Swiss not immune to food crises

The horsemeat scandal has shone a bright light into a hitherto murky area of food supply – how meat actually gets from the abattoir to our plate. The complicated and convoluted logistics process behind the processed foods industry mean no one can be too sure where the meat in their pies, burgers and ready meals originated. Nor now that it is actually what it purports to be. Beef? Lamb? Horse? Who knows!

Up to now, Swiss retailers were confident they were immune. But is this confidence misplaced? There are warning signs. The Coop, Switzerland’s second-biggest supermarket group, has found traces of horse in some of its lasagna, produced by the French company Comigel – which also provided beef lasagna to Findus UK.

The few companies that still believe they’re immune are saying so – thus, yesterday, I received an email alerting me that Findus products sold in Switzerland by Coop’s rival Migros use only Swiss beef – because Findus Switzerland, unlike the rest of the brand, still belongs to Nestle.

Nestle owned all of Findus until 2000 when it sold most of the business to a private equity firm.

This all sounds reassuring. But some of the claims of provenance made for Swiss food are questionable. Take veal, a much-eaten dish in Switzerland (as is horse, by the way). I have yet to see any restaurant or food outlet disclosing Britain as a source of their veal supplies. Food outlets always display the source of their meat as a matter of pride.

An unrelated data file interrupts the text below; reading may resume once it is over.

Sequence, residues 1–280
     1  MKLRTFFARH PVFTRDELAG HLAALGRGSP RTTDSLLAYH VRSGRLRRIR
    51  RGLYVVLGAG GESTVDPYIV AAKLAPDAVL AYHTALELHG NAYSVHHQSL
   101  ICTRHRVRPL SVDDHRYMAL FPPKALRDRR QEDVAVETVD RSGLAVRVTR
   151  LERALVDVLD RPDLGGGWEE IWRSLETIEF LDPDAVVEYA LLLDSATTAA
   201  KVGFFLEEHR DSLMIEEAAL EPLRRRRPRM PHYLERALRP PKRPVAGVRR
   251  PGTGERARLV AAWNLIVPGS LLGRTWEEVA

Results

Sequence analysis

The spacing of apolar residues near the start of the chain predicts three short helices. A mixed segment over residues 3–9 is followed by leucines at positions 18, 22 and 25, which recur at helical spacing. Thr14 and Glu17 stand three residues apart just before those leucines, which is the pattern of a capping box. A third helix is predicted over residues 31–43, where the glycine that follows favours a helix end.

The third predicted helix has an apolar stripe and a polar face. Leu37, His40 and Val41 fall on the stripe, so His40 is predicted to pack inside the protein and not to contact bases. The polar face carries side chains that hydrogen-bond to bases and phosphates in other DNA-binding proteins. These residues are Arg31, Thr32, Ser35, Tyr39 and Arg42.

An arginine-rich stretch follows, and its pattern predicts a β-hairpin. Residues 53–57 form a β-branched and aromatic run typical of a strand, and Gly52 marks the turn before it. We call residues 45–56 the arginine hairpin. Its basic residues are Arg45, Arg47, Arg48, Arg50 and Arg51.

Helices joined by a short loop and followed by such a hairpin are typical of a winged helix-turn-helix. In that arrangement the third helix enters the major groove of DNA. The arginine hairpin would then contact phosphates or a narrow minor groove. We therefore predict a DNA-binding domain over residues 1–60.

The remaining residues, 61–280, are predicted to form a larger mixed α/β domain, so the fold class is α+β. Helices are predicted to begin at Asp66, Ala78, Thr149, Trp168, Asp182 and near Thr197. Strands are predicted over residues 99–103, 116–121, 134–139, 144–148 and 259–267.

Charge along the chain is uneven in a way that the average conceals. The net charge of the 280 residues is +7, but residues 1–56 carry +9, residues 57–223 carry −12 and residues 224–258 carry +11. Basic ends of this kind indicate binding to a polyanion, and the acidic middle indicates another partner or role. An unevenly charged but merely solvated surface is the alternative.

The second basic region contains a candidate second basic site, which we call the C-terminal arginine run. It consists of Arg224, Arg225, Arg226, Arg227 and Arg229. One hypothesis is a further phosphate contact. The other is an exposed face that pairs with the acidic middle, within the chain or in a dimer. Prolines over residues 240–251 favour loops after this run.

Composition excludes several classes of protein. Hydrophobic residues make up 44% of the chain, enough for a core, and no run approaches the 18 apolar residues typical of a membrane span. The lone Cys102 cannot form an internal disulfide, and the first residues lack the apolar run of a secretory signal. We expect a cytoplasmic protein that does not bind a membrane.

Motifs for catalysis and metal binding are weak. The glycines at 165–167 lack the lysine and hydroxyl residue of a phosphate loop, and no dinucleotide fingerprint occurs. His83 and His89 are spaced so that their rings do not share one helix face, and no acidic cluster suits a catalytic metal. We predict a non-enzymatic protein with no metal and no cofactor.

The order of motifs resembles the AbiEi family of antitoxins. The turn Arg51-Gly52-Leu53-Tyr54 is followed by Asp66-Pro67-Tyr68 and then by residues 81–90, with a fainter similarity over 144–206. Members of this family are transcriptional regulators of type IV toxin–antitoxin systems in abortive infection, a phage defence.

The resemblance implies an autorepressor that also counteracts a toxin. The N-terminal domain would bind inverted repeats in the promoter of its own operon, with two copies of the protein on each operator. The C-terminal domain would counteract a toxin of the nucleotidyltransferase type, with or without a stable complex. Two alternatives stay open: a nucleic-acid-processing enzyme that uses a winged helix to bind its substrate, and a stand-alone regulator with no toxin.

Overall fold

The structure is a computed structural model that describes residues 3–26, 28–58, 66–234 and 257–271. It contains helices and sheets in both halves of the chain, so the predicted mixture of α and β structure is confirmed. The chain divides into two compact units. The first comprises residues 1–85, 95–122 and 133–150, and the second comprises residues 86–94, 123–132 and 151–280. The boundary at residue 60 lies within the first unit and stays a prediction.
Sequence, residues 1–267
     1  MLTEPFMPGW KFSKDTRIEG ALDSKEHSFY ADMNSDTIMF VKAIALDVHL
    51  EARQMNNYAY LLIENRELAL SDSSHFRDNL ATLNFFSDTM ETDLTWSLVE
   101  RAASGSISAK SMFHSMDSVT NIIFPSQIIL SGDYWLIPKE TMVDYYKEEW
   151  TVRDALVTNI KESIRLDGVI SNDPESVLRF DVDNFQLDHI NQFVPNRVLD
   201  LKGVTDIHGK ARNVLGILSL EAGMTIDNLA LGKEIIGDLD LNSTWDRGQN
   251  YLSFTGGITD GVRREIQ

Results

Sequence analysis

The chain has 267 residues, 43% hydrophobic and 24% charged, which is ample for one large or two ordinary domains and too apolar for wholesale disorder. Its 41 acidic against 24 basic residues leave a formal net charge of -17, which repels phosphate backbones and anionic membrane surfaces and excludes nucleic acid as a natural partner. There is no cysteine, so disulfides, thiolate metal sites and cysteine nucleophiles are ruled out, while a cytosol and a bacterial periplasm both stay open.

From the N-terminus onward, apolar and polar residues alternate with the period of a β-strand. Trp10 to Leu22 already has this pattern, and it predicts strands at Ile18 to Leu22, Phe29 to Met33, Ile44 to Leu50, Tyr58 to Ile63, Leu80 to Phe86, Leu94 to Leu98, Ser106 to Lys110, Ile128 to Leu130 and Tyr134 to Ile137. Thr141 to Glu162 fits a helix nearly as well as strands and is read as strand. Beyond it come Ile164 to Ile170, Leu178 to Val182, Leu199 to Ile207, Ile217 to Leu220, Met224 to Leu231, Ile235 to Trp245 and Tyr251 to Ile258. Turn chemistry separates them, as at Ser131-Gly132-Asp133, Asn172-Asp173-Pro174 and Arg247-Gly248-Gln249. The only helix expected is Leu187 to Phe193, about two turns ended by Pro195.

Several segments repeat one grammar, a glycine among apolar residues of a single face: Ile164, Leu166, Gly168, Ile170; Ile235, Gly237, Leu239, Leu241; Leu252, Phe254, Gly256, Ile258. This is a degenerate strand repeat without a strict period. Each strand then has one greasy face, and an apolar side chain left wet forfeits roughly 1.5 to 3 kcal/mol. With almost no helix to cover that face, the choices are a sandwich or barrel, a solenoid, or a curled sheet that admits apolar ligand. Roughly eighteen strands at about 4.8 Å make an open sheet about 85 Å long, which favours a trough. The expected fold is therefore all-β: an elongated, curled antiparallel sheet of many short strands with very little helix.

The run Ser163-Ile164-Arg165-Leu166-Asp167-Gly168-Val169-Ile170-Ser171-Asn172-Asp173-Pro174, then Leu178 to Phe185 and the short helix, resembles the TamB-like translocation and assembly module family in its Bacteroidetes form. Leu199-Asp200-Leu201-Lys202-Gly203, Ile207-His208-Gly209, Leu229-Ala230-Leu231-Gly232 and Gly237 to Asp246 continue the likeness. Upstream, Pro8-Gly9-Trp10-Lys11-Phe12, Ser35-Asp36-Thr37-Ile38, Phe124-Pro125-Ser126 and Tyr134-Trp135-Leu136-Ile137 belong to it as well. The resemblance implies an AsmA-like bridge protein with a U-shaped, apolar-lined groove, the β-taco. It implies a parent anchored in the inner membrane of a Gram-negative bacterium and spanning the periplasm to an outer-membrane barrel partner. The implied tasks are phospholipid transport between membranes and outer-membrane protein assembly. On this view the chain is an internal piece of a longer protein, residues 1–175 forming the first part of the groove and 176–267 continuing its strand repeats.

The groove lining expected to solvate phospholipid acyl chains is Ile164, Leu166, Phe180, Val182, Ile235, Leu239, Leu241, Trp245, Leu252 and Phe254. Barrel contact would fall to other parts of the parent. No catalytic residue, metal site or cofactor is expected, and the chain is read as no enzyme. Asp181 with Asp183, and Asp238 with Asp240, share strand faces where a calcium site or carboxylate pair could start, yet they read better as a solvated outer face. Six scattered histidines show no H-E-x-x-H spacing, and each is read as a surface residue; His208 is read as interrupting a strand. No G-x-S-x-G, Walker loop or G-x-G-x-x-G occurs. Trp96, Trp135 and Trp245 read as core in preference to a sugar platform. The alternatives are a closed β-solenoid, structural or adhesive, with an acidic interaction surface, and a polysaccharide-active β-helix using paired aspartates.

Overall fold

If, as it seems, most or nearly all the veal bought and sold in Switzerland comes from within the country, what then happens to the lorry loads of live calves that arrive on the Franco-Swiss border outside Geneva from Britain every week?

I followed a trail of such lorries on the motorway all the way from a cross-channel ferry in Calais. Food labelling law being what it is, if you slaughter the animals in a different country and process and package it there, it magically becomes the product of that country, irrespective of where it was bred and reared.

The Swiss don’t believe they eat British beef products. Indeed, most would not buy veal they thought was British. Memories are long and few have forgotten the BSE or Mad Cow Disease epidemic, widely seen as a uniquely British problem caused by feeding ground up and infectious meat and bone meal to normally herbivorous cattle

But the question is this: are we really expected to believe the food industry transports calves all the way from the UK to Switzerland for slaughter and processing and then sends all their meat  straight back out of the country for consumption elsewhere?

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